The scale of the defeat was a crushing blow to the Labour council, which has spent £8 million developing its plans for the world’s most ambitious congestion-charging scheme, encircling the whole of the Capital. Having insisted that tolls were the only way of tackling congestion in the city, the council now faces having to draw up a completely new strategy.I can't say that I'm surprised, although some are. The news was given to me by a senior, green-oriented gentleman who lives fairly close to the centre of the city. He was shocked by the result and didn't seem to understand why the people had voted "the wrong way". But a more junior lady in the same organisation confessed quietly to me that she had voted "No". You see, like most people in Edinburgh, she doesn't live in the world-famous city centre but out in the suburbs where use of a car is more of a necessity than a luxury.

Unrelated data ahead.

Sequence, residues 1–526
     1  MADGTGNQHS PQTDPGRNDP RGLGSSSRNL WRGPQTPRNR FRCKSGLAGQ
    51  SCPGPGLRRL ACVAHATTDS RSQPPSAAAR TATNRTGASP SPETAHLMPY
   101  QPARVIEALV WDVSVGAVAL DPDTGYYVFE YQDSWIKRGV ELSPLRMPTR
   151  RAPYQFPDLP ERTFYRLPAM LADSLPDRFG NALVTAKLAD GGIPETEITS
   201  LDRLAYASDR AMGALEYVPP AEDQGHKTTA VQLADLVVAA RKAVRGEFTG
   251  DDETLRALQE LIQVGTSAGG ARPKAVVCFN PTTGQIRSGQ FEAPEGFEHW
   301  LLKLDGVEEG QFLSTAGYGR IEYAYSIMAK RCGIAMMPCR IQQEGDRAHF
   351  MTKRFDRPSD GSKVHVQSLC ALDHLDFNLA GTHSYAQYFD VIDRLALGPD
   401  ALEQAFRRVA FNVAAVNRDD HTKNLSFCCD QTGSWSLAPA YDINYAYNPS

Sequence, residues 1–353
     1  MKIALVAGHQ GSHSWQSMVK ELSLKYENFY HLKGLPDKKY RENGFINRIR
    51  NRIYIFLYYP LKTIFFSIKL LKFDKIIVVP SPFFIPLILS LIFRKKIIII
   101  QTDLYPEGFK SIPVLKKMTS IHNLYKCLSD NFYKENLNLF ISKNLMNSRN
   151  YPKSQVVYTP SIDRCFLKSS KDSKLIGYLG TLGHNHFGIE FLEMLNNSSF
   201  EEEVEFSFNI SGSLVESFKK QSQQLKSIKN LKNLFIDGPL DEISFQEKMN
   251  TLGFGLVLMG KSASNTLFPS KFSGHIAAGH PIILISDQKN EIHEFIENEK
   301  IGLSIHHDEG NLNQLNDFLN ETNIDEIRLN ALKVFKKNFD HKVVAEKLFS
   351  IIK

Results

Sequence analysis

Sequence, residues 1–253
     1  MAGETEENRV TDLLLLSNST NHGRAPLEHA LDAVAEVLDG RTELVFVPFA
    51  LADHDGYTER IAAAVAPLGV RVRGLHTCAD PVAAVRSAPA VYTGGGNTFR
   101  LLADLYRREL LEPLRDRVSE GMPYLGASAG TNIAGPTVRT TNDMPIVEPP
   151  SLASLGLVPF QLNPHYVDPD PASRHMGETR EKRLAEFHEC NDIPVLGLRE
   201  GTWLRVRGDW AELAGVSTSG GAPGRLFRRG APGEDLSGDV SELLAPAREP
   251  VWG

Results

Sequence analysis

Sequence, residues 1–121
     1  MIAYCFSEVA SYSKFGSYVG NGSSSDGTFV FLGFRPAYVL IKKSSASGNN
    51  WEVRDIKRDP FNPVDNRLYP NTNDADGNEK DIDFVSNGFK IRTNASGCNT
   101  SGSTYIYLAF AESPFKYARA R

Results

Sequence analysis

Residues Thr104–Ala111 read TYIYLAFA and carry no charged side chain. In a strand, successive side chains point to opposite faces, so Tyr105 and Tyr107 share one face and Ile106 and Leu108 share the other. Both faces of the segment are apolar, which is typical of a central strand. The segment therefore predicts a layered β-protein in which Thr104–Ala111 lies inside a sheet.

I have no problem with improving public transport - preferably privately operated. For a start, I wonder why we don't reintroduce bus conductors, at least on buses in the city centre. Every evening one sees convoys of buses at each stop slowly waiting their turn to load and unload while the leading driver collects the fares. And who can doubt that we'll still be debating the reopening of the south suburban railway line to passengers in fifty years time? But this needs road tolls to cover the costs, we'll be told. Maybe, maybe not. But a properly thought out plan will have to be sold to the population as a whole including the majority who live outside the city centre. The council's plan failed because it was inadequately thought out and it didn't answer the justifiable concerns of city centre small businesses and suburban residents. And it wouldn't surprise me at all if many voters were swayed by the Yes campaign's widespread use of tax-financed illegal posters on virtually every main-road lamppost.